The possibilities and the drawbacks inherent in the EU and India’s venture to provide an alternative to the BRI
The beginning of the rollout of Beijing’s Belt and Road Initiative (BRI) between 2013–2015 has already redefined the vocabulary of international relations, especially that of engagement between major economic powers and developing nations. The concept of ‘connectivity’ has since then risen to the top of the foreign policy agenda of virtually all global players, including the European Union (EU) and India. Determined, at least on paper, to offer a competitive, more sustainable alternative to the BRI, Brussels and New Delhi have committed to increase cooperation on connectivity initiatives by signing the “EU-India Connectivity Partnership” on 8 May 2021.
The Partnership builds upon previous bilateral agreements, such as the recent “EU-India Strategic Partnership: A Roadmap for 2025” (July 2020), and ties into the larger European pivot towards Asia, conceptualised in the EU Indo-Pacific strategy released in April 2021. EU-India cooperation on connectivity is predicated on shared values of “democracy, freedom, rule of law, and respect for human rights” and operational principles of transparency, viability, inclusivity, and sustainability. The stated objective is that of strengthening and expanding the existing network of economic, social, and political bonds that tie the two regions together, as well as bringing in third-party countries, through a combination of soft and hard connectivity initiatives. The areas of cooperation identified within the framework of the partnership are digital, transport, energy, and people-to-people connectivity. Financing is expected to partially originate from European and Indian public agencies, but significant emphasis is put on the essential role that the private sector is poised to play, so as to ensure diversity in investment streams and achieve mutually beneficial gains.
EU-India cooperation on connectivity is predicated on shared values of “democracy, freedom, rule of law, and respect for human rights” and operational principles of transparency, viability, inclusivity, and sustainability.
The EU-India Connectivity Partnership bears the promise of fundamentally changing the dynamics of development within the Indian Ocean basin, by establishing a greener, fairer, and more transparent framework of infrastructural investment. In the same breath, it would pull India and the EU closer together, tapping into the potential of what could prove to be a defining, alternative third pole to the US-China binary. However, there appear to be as many obstacles as there are incentives to the realisation of the ambition set out by the Partnership. Can the EU overcome internal and external hurdles and prove to be a reliable, long-term connectivity partner for India?
The first factor that will inform the success of the EU-India Connectivity Partnership is the actual capacities that the EU currently possesses to implement the various elements of the initiative. The European Commission, to reduce the Union’s chronic institutional redundance, has moved to combine all current financing instruments for external action into one budgetary mechanism known as the “Neighbourhood, Development and International Cooperation Instrument” (NDICI), to which it has allocated 79.5 billion euros between 2021 and 2027. Within that sum, 8.49 billion euros will specifically be available for international development initiatives in Asia and the Indo-Pacific. The NDICI represents a significant step forward for the European connectivity agenda, not only because of its 12 percent size increase with respect to the previous period, but also because it is expected to significantly simplify the governance and implementation of EU-led initiatives. Furthermore, the NDICI comprises financial guarantees to third-party investors—whether institutional, such as the European Investment Bank (EIB), or private. Indeed, the 53.45 billion euros of the “External Action Guarantee” are meant to act as a cushion against sudden financial shocks in countries that have historically been prone to it, so as to attract the expected 500 billion euros of private investment that the European Commission needs to complement public financing.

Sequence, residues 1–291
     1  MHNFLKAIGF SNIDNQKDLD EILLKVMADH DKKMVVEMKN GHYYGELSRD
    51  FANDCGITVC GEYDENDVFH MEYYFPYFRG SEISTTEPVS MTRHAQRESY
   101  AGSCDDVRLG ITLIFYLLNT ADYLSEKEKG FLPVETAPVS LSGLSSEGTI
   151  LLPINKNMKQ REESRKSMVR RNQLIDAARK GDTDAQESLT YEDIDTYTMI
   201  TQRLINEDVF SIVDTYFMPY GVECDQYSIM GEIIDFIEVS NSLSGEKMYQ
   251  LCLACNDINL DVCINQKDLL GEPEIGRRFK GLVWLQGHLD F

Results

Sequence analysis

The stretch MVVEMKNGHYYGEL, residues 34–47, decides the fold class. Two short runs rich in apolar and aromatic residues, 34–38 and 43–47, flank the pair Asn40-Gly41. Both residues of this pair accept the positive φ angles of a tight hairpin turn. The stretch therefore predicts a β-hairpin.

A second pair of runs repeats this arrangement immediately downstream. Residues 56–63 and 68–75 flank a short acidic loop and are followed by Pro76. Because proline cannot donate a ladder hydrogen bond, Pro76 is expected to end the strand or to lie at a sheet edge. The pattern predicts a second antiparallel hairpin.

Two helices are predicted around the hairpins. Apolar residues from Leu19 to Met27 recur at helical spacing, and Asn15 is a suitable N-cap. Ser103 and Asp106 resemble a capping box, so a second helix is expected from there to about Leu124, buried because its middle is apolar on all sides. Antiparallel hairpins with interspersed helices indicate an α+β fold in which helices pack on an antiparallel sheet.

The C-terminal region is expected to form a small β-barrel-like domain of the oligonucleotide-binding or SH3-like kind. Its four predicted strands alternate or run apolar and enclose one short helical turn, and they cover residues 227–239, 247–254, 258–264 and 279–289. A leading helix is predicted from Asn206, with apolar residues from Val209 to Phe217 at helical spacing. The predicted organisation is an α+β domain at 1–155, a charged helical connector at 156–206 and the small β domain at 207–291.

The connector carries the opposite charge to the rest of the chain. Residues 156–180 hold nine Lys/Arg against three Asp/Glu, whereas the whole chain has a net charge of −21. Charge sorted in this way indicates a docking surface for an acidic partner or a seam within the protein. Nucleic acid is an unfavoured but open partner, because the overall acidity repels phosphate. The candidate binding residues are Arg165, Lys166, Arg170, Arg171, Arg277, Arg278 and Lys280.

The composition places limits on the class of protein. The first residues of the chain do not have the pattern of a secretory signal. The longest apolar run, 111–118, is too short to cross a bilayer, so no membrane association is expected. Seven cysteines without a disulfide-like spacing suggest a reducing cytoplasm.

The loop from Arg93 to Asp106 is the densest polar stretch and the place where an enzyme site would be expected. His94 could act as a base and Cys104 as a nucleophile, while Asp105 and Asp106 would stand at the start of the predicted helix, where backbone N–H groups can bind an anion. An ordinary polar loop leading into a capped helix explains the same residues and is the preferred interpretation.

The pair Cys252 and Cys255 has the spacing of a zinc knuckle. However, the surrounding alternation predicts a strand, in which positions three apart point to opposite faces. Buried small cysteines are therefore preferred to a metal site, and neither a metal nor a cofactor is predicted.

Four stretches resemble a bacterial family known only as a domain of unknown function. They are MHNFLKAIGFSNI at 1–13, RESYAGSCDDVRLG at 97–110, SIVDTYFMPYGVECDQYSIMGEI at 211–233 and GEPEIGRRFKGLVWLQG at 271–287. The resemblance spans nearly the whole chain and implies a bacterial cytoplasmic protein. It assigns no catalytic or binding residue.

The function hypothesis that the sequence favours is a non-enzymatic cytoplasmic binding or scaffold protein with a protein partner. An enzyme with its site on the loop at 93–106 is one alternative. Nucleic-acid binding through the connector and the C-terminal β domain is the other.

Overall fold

The first factor that will inform the success of the EU-India Connectivity Partnership is the actual capacities that the EU currently possesses to implement the various elements of the initiative.
The NDICI is undoubtedly a powerful instrument in the EU toolkit, which can be effectively utilised in coordination with India to promote connectivity in the Indo-Pacific. However, European investment is not only defined by its financial magnitude, but also by the framework of norms and principles that govern it. Indeed, the European Commission has conceptually and rhetorically located EU connectivity initiatives within the larger narrative of ‘the European Way’ of engaging internationally. This ties back into the EU identity as a normative power, which is that one exercises its influence not by coercion, but rather through the shaping of the framework of norms that govern international affairs. Connectivity initiatives are, firstly, to be designed and executed in line with the guiding principles indicated by the European Council: Sustainability, meaning environmental, social, economic, and fiscal; comprehensiveness; transparency; and fairness. Secondly, connectivity projects are themselves a medium to promote those very norms at the international level. Indeed, the Council has made explicit reference to how the EU connectivity agenda can be used to bolster European initiatives globally, such as the “European Green Deal” and the “2030 Digital Compass”.